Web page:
- The Washington Times - Wednesday, August 6, 2008



The 1950 movie “Harvey” starred Jimmy Stewart as Elwood P. Dowd - a middle-aged, somewhat eccentric man whose best friend was an invisible six-foot, three-and-a-half-inch tall rabbit named Harvey. Throughout the film, Dowd convinces others the rabbit exists. But not until the movie’s end do viewers learn whether Harvey is real or just a figment of Dowd’s colorful imagination.

Unfortunately, Elwood P. Dowd lives today as president of a South American country. Dowd’s real-life version is Hugo Chavez, the middle-aged, somewhat eccentric leader of Venezuela. And, just as Jimmy Stewart sought to convince others about the existence of an invisible rabbit only he could see, today Mr. Chavez seeks to convince others an invisible enemy exists, visible only to him. To Mr. Chavez, that enemy - the United States - is his justification for taking various initiatives depleting valuable domestic resources (better used to address the country’s internal ills) and destroying his nation’s democratic foundation. Jimmy Stewart’s portrayal of Dowd made for a cute story; Mr. Chavez’s portrayal does not.

For years, Mr. Chavez has sought to convince all who will listen that the U.S. is conspiring to invade Venezuela. In 2005, he called the U.S. “the most savage, cruel and murderous empire that has existed in the history of the world,” which “won’t stop caressing the idea of invading Cuba or invading Venezuela.” He claims “socialism is the only path,” praising Cuban leader Fidel Castro and “Che” Guevara. He struggles to “save the world threatened by the voracity of U.S. imperialism.”

Allegedly to protect him against his non-existent rabbit, Mr. Chavez just embarked upon another billion-dollar-plus shopping spree, buying more Russian weapons, including air defense systems and submarines.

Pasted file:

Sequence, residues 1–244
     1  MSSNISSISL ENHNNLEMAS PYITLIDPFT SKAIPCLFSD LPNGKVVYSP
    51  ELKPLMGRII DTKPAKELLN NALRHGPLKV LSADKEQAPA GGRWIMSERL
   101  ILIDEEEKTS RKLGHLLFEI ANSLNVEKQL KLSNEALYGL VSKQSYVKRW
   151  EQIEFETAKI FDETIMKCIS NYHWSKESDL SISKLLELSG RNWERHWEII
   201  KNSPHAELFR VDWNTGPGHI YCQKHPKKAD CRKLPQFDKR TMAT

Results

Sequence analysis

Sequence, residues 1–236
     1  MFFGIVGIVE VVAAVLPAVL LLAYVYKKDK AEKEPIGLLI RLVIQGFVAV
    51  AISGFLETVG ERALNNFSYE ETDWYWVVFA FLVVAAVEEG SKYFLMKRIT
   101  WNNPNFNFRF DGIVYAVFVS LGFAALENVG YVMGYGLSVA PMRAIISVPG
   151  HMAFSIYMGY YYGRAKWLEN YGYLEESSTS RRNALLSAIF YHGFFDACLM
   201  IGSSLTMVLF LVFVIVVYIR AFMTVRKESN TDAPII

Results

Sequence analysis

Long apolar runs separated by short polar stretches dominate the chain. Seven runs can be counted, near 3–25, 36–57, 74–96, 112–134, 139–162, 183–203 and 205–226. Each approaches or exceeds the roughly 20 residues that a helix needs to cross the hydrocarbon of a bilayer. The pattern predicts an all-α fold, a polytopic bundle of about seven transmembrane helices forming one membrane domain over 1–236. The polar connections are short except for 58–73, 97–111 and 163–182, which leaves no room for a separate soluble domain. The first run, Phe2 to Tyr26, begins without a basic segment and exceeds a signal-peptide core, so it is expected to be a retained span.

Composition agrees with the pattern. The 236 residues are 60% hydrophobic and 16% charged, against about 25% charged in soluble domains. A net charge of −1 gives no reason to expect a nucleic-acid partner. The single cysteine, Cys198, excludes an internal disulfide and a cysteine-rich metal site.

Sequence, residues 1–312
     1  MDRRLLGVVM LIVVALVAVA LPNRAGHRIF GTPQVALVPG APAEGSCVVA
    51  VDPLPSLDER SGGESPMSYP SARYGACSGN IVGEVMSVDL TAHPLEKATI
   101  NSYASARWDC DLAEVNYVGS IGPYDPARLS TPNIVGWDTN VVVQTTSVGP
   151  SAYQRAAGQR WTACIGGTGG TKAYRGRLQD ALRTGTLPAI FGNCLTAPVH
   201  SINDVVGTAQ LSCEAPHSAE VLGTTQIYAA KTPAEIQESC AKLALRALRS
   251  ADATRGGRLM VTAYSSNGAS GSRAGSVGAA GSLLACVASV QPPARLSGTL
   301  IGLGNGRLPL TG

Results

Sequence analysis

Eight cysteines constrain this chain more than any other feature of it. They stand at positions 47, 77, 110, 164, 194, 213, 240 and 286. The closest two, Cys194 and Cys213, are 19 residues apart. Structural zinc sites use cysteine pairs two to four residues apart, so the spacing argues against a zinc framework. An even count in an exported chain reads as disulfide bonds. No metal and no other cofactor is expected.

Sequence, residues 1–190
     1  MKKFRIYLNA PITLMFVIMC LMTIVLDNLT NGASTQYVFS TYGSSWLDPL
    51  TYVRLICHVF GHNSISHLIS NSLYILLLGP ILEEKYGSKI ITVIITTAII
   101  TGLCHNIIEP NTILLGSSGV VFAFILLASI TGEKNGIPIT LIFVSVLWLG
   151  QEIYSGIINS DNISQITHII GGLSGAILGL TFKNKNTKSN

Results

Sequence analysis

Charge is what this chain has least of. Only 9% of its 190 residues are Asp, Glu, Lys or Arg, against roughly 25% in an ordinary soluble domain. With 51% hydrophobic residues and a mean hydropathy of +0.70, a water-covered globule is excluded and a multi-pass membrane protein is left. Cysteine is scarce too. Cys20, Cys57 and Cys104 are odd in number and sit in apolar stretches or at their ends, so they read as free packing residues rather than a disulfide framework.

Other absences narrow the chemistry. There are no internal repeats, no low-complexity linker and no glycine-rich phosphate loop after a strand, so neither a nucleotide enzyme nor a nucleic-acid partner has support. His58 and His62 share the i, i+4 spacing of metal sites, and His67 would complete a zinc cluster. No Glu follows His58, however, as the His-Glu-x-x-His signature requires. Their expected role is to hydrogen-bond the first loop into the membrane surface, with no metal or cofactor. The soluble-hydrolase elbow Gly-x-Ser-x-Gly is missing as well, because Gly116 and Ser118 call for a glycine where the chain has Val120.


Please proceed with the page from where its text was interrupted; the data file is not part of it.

Any Venezuelan possessing common sense knows what Mr. Chavez is doing. Transitioning the country from democracy to totalitarianism, he seeks to distract the people’s attention. It is a ploy of all tyrants seeking to strengthen their own power base by creating an outside threat - an enemy either real or imagined. As people focus on the external threat, they are blindsided by the internal one, enabling a leader to strip them of individual freedoms. The Russian arms purchase also underscores the wannabe dictator’s concern that his regional influence may be waning.

Elected president in 1999, Mr. Chavez did something that should have immediately set off alarms for democracy supporters - quietly opening his nation’s doors to Cuban security personnel. Their mission was twofold - provide him protection against the same people who had elected him to office and re-structure Venezuela’s intelligence services along the lines of Havana’s. Having used the vehicle of democracy to gain power, he then sought to strip it of all “unnecessary” parts that might interfere with his long term objective - to gain power for life. This meant subtly stripping Venezuelans of individual rights.